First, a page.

Author(s): Hennige AM, Strack V, Metzinger E, Seipke G, Hring HU,
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Abstract AIMS/HYPOTHESIS: New insulin analogues have been created by amino-acid exchange to provide an improved pharmacokinetic profile. However, safety issues have been raised regarding their use, as amino-acid exchange of insulin may induce altered metabolic and mitogenic effects. For example, the insulin analogue Asp(B10) causes breast cancer in rodents. The aim of this study was to compare two new insulin analogues HMR1964 (Lys[B3],Glu[B29]) (insulin glulisine) and HMR1423 (Gly[A21],His[B31],His[B32]) with regular insulin and the mitogenic analogue Asp(B10). MATERIALS AND METHODS: We analysed insulin receptor binding characteristics and dissociation kinetics, as well as insulin-induced receptor auto- and dephosphorylation kinetics, in rat-1 fibroblasts overexpressing the human insulin receptor isoform B. Mitogenic activity was tested in the non-malignant cell line MCF10. RESULTS: Regular insulin, HMR1964 and HMR1423 showed no significant differences in receptor association, dissociation and receptor binding affinity, while Asp(B10) displayed markedly increased insulin receptor affinity. All of the analogues induced rapid insulin receptor autophosphorylation, reaching a maximum 10 min after stimulation (10(-9) mmol/l insulin). In contrast, Asp(B10) induced a prolonged phosphorylation and dephosphorylation state of the 95 kDa insulin receptor beta-subunit. With respect to [3H]thymidine incorporation, the new analogues had similar (HMR1423) or even lower (HMR1964) effects than regular insulin in the mammary epithelial cell line MCF10, while Asp(B10) showed increased [3H]thymidine incorporation. CONCLUSIONS/INTERPRETATION: HMR1964 and HMR1423 displayed the same association, dissociation and insulin receptor affinity kinetics as regular insulin, and might therefore be useful for the treatment of diabetes.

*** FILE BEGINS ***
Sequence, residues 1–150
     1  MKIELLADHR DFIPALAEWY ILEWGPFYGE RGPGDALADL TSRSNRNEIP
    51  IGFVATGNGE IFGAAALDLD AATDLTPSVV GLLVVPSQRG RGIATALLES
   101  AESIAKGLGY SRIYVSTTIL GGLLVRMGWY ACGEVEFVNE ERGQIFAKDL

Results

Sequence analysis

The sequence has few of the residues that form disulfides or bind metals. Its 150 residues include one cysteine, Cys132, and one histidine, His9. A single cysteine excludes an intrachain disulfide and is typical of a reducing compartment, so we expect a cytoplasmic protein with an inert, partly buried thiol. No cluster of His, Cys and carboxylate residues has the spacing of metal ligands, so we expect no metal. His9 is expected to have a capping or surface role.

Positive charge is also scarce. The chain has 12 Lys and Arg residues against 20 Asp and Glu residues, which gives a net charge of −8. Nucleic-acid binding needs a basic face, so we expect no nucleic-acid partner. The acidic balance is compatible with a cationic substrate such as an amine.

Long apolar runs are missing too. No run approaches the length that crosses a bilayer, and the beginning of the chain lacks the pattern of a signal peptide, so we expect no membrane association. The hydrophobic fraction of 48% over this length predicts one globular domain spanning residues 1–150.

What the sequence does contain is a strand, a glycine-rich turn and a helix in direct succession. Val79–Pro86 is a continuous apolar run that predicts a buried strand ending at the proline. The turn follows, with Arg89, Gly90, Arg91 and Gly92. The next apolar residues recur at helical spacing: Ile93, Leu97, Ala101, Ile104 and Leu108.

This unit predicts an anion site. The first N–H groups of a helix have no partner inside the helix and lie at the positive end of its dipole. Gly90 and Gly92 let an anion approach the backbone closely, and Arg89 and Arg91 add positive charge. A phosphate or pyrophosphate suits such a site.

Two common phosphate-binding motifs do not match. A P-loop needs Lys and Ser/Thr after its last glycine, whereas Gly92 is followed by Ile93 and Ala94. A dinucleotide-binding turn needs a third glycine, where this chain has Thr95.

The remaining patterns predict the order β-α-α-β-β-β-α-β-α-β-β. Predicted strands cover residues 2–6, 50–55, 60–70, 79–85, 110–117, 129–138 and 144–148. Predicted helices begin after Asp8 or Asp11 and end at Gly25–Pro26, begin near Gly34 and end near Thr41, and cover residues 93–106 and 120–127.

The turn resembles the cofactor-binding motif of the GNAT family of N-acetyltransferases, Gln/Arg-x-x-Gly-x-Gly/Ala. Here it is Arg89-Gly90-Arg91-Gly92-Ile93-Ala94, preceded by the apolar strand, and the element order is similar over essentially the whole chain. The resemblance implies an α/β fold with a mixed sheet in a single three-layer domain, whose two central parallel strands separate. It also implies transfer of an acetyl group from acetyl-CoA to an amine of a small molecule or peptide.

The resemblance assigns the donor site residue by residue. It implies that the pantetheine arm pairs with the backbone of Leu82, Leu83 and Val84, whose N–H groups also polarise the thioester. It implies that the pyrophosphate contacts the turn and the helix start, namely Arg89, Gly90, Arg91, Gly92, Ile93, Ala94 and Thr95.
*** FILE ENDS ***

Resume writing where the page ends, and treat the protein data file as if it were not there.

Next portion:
This article was published in Diabetologia
and referenced in Journal of Pharmacogenomics & Pharmacoproteomics